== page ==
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Review: 'Big Little Lies,' Season 2


The second season of HBO's hit drama "Big Little Lies" begins on Sunday. And this time around, Meryl Streep joins Nicole Kidman and Reese Witherspoon - all three of them Oscar winners. But NPR TV critic Eric Deggans isn't sure the second season lives up to the big-name cast. And a quick note, this piece has spoilers from Season 1.

ERIC DEGGANS, BYLINE: If the producers of "Big Little Lies" were going to lure Meryl Streep to television, they'd have to offer her a seriously juicy role. So it's no surprise that her character, Mary Louise Wright, is a bit complicated. Here she is insulting Reese Witherspoon's Madeline Martha Mackenzie.


MERYL STREEP: (As Mary Louise) You're very short.

REESE WITHERSPOON: (As Madeline) Excuse me?

STREEP: (As Mary Louise) I don't mean it in a negative way.

WITHERSPOON: (As Madeline) Oh.

STREEP: (As Mary Louise) Maybe I do. I find little people to be untrustworthy.

DEGGANS: Yeah, Mary Louise uses politeness like a weapon, keeping people off guard until she's ready to drop a cutting remark. She's mother to Perry Wright, the character played by Alexander Skarsgard last season. Perry was an abusive husband who attacked his wife, Celeste, played by Nicole Kidman, at a school fundraiser. To stop the attack, a friend of Celeste pushed him down a flight of stairs, and he died. The five women who witnessed that fall lied and told police Perry fell on his own, but his mother isn't buying it. And she confronts Celeste about it.


STREEP: (As Mary Louise) You left some things out, didn't you? The fact that he fathered another child, you left that out. That you plan to move, that you rented an apartment, you left that out. You learned of his infidelity just 10 seconds before he went falling down a flight of stairs to his death. Oh, you left that out too.

DEGGANS: I think Mary Louise is going to be a problem. "Big Little Lies'" second season centers on that lie about Perry's death. The five women, all friends, are mostly wealthy, privileged moms living in Monterey, Calif., but their lives are coming apart as they struggle with the weight of their secret - especially Kidman's character, Celeste, who shares her guilt with her therapist.


NICOLE KIDMAN: (As Celeste) I guess I still feel responsible.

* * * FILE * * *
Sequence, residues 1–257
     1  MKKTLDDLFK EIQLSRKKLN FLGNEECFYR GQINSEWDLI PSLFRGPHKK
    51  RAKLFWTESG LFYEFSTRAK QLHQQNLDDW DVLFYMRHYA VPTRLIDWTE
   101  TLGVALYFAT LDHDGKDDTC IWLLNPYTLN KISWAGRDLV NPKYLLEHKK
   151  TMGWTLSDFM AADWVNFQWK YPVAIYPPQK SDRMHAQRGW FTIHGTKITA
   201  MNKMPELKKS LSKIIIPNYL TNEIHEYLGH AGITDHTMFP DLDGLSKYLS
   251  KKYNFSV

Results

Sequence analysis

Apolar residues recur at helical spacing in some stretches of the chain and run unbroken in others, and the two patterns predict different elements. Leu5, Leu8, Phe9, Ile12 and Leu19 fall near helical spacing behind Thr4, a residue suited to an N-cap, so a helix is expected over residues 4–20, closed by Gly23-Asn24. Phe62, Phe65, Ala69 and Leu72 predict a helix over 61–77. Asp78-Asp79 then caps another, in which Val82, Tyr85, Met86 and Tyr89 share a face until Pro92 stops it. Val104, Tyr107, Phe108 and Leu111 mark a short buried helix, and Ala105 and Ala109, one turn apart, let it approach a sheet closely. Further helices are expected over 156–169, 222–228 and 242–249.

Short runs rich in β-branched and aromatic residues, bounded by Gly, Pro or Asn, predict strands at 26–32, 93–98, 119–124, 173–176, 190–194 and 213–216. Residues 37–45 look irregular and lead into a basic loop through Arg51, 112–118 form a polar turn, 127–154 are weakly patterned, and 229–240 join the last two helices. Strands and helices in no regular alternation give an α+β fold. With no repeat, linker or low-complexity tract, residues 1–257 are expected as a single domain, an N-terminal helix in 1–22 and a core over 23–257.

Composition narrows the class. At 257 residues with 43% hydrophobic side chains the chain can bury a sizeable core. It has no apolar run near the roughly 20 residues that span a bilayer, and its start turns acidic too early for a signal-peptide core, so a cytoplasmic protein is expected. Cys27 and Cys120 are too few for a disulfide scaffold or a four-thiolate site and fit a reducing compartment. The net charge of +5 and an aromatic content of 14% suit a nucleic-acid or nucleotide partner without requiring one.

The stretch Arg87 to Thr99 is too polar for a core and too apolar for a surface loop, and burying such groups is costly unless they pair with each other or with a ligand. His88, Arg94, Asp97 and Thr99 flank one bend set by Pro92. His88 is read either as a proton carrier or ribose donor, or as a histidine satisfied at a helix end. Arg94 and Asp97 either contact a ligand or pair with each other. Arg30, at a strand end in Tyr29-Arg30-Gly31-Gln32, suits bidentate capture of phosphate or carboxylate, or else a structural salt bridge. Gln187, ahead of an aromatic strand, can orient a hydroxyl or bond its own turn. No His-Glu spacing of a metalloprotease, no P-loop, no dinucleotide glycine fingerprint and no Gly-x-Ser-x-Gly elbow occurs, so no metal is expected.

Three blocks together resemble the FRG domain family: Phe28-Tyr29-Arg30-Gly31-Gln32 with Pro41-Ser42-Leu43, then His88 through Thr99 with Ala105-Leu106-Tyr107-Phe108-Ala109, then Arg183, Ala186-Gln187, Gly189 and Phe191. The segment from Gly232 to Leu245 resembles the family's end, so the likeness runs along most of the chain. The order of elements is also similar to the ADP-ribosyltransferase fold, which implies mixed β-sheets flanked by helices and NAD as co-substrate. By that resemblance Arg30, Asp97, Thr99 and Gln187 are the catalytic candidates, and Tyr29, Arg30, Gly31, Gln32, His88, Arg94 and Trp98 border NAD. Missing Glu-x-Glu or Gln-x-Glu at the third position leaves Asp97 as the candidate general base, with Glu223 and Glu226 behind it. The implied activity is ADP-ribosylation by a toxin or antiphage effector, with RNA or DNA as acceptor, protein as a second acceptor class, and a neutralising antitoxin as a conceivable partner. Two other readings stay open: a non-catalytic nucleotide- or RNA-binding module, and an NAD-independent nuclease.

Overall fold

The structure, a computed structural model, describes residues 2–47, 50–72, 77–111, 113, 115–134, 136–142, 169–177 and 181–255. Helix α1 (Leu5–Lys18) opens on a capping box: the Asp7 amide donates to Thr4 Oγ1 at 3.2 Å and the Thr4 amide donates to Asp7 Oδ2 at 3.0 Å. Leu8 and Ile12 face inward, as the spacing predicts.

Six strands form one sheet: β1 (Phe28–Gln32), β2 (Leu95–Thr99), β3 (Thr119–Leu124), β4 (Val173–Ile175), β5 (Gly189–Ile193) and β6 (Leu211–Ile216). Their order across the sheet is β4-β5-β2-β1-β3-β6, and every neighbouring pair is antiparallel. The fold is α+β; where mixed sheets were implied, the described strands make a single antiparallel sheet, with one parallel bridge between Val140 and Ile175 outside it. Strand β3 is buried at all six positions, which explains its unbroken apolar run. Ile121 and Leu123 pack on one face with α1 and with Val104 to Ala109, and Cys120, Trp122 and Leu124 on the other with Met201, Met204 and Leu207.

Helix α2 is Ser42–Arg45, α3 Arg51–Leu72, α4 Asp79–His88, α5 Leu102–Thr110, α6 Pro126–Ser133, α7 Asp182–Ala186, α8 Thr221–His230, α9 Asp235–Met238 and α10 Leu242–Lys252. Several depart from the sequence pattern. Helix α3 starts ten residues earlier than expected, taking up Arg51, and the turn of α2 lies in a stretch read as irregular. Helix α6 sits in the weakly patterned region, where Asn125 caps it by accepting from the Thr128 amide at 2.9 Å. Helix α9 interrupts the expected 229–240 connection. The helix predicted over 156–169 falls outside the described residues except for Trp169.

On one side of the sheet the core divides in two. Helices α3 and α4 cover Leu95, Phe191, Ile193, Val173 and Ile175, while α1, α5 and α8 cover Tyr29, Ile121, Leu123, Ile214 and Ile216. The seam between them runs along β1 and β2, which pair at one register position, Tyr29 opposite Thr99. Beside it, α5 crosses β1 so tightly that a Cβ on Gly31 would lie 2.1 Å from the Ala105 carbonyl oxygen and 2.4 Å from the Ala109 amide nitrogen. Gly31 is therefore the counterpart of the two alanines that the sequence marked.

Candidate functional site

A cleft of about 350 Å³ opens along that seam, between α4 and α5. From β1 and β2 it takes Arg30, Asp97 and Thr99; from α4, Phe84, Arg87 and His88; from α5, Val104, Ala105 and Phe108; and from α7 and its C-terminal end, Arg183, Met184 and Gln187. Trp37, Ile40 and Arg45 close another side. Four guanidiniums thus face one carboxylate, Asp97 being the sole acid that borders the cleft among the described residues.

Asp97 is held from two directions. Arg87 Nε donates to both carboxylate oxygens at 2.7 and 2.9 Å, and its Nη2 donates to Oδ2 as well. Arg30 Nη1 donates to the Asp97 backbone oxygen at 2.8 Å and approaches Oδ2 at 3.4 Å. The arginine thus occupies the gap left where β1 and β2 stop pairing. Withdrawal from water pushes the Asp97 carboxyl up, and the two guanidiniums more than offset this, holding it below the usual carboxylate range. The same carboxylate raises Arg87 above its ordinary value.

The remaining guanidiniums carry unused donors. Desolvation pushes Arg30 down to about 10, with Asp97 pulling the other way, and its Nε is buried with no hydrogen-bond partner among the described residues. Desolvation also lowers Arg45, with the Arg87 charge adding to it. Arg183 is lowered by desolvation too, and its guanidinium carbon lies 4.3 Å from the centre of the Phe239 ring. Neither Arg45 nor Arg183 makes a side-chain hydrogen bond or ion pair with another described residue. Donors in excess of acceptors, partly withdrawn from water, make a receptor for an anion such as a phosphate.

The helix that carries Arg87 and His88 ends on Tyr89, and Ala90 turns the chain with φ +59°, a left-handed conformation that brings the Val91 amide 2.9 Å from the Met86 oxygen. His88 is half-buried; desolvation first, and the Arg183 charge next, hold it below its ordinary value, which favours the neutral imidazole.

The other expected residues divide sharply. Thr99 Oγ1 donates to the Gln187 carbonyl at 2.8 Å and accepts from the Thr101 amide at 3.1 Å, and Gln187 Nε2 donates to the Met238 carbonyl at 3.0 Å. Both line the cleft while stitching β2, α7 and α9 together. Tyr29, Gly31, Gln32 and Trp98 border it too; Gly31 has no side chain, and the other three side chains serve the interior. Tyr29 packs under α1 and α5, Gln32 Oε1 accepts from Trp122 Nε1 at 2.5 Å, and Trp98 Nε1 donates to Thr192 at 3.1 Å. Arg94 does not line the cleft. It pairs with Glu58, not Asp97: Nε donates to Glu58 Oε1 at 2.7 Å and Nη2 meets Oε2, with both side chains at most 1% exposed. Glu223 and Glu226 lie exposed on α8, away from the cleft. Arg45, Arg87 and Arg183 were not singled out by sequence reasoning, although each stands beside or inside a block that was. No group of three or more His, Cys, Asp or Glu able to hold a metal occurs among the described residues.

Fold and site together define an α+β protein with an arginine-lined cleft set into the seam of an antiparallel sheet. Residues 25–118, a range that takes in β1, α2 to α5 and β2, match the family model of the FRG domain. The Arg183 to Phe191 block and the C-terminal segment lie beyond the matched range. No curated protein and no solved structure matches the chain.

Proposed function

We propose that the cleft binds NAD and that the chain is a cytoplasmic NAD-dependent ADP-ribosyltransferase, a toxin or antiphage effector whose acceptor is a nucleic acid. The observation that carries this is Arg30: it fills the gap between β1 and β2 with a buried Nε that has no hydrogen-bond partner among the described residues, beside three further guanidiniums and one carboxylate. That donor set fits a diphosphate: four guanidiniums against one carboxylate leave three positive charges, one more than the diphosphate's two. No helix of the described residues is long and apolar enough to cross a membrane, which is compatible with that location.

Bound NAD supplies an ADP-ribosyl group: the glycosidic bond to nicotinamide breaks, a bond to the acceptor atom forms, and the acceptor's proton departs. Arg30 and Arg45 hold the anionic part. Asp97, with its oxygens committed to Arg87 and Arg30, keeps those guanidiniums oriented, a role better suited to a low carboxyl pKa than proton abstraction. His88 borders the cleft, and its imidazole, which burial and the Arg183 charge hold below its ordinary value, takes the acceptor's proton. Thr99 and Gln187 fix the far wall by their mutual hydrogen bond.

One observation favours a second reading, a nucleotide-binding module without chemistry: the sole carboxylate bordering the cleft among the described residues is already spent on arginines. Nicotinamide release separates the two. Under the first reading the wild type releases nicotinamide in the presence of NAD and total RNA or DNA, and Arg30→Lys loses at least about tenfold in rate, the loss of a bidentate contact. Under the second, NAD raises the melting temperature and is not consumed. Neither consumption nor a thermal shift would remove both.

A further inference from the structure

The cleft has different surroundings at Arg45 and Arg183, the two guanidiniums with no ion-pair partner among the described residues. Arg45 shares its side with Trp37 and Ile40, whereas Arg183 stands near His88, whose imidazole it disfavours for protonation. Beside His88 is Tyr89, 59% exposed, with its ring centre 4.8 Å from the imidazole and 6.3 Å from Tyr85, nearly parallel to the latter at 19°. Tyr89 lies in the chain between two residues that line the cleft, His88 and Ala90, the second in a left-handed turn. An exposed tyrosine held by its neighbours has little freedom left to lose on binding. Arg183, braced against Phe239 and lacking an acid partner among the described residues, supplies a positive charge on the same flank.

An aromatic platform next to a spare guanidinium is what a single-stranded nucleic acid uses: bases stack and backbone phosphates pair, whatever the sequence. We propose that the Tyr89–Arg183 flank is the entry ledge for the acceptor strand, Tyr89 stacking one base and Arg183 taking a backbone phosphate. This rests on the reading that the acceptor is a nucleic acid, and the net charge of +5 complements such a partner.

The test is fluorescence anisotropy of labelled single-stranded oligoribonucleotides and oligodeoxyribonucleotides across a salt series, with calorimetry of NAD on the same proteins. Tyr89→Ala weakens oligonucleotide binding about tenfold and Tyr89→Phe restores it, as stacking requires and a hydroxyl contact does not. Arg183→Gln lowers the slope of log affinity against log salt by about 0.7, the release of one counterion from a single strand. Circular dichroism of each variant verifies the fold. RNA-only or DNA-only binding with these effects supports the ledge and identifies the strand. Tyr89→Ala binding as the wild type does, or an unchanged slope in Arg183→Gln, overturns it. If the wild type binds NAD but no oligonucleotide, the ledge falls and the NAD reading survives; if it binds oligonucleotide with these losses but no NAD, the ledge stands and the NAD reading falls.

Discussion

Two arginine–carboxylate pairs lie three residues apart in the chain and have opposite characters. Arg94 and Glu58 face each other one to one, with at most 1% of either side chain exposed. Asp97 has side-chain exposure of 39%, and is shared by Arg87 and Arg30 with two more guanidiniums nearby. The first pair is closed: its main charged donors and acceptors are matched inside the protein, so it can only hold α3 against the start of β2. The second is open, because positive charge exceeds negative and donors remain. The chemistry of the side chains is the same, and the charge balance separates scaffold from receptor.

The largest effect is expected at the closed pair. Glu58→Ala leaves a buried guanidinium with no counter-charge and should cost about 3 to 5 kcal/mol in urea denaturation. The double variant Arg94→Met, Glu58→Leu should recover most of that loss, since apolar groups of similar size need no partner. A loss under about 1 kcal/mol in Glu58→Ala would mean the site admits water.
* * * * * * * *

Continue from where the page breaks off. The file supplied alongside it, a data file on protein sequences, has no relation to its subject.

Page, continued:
ROBIN WEIGERT: (As Dr. Reisman) For?

KIDMAN: (As Celeste) For the accident.

WEIGERT: (As Dr. Reisman) Even in death, his message lives on.

KIDMAN: (As Celeste) What message?

WEIGERT: (As Dr. Reisman) That you're to blame; that you're always to blame.

DEGGANS: Buried inside this season's sprawling stories is a compelling drama about surviving abuse, mostly focused on Celeste. She's torn between love for her dead, abusive husband, concern that she contributed to their violent relationship and worry that her twin sons have been damaged by it all. Other stories are a little more predictable.

Reese Witherspoon's busybody Madeline has marital troubles. Laura Dern's high-strung corporate executive Renata has money troubles. And Zoe Kravitz, as Bonnie - who actually pushed Perry down the stairs - mopes around in a funk, telling Madeline she can't handle the guilt.


ZOE KRAVITZ: (As Bonnie) Sometimes, I wake up at night in a sweat with this feeling. It's going to get us. It's going to get us all.

WITHERSPOON: (As Madeline) Who are you talking about?

KRAVITZ: (As Bonnie) The lie.

DEGGANS: It's so obvious, I'm surprised they didn't say, here's the big little lie from the title. A lot feels unrealistic here. Celeste is in therapy, but her kids, who are fighting all the time, are not. And characters drop lines that underline their every feeling, as if the audience wouldn't get it otherwise.

"Big Little Lies" was supposed to only have one season, but the show turned into a massive hit, so fans will probably still enjoy the second go-around. I'm just hoping the series eventually avoids the easy jabs at clueless, wealthy suburbanites to offer a deeper look at characters worthy of the stars playing them. I'm Eric Deggans. Transcript provided by NPR, Copyright NPR.

Eric Deggans is NPR's first full-time TV critic.
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